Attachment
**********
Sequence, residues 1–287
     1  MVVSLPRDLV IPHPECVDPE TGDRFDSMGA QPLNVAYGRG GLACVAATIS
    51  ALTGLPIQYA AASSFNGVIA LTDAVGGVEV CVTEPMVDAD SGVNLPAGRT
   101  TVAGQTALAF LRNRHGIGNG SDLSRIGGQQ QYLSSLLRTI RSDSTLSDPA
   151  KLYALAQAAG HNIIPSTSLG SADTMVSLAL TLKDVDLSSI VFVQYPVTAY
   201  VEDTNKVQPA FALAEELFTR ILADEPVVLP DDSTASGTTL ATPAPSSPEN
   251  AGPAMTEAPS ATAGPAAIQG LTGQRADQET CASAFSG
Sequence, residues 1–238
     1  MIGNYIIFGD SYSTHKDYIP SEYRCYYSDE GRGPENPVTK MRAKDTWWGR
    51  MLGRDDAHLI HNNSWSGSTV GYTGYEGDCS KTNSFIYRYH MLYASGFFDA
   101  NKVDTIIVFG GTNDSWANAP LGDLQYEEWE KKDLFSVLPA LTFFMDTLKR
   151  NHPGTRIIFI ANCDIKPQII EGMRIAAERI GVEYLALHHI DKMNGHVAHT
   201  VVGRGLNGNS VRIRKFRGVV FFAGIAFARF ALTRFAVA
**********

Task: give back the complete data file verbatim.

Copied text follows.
Sequence, residues 1–287
     1  MVVSLPRDLV IPHPECVDPE TGDRFDSMGA QPLNVAYGRG GLACVAATIS
    51  ALTGLPIQYA AASSFNGVIA LTDAVGGVEV CVTEPMVDAD SGVNLPAGRT
   101  TVAGQTALAF LRNRHGIGNG SDLSRIGGQQ QYLSSLLRTI RSDSTLSDPA
   151  KLYALAQAAG HNIIPSTSLG SADTMVSLAL TLKDVDLSSI VFVQYPVTAY
   201  VEDTNKVQPA FALAEELFTR ILADEPVVLP DDSTASGTTL ATPAPSSPEN
   251  AGPAMTEAPS ATAGPAAIQG LTGQRADQET CASAFSG
Sequence, residues 1–238
     1  MIGNYIIFGD SYSTHKDYIP SEYRCYYSDE GRGPENPVTK MRAKDTWWGR
    51  MLGRDDAHLI HNNSWSGSTV GYTGYEGDCS KTNSFIYRYH MLYASGFFDA
   101  NKVDTIIVFG GTNDSWANAP LGDLQYEEWE KKDLFSVLPA LTFFMDTLKR
   151  NHPGTRIIFI ANCDIKPQII EGMRIAAERI GVEYLALHHI DKMNGHVAHT
   201  VVGRGLNGNS VRIRKFRGVV FFAGIAFARF ALTRFAVA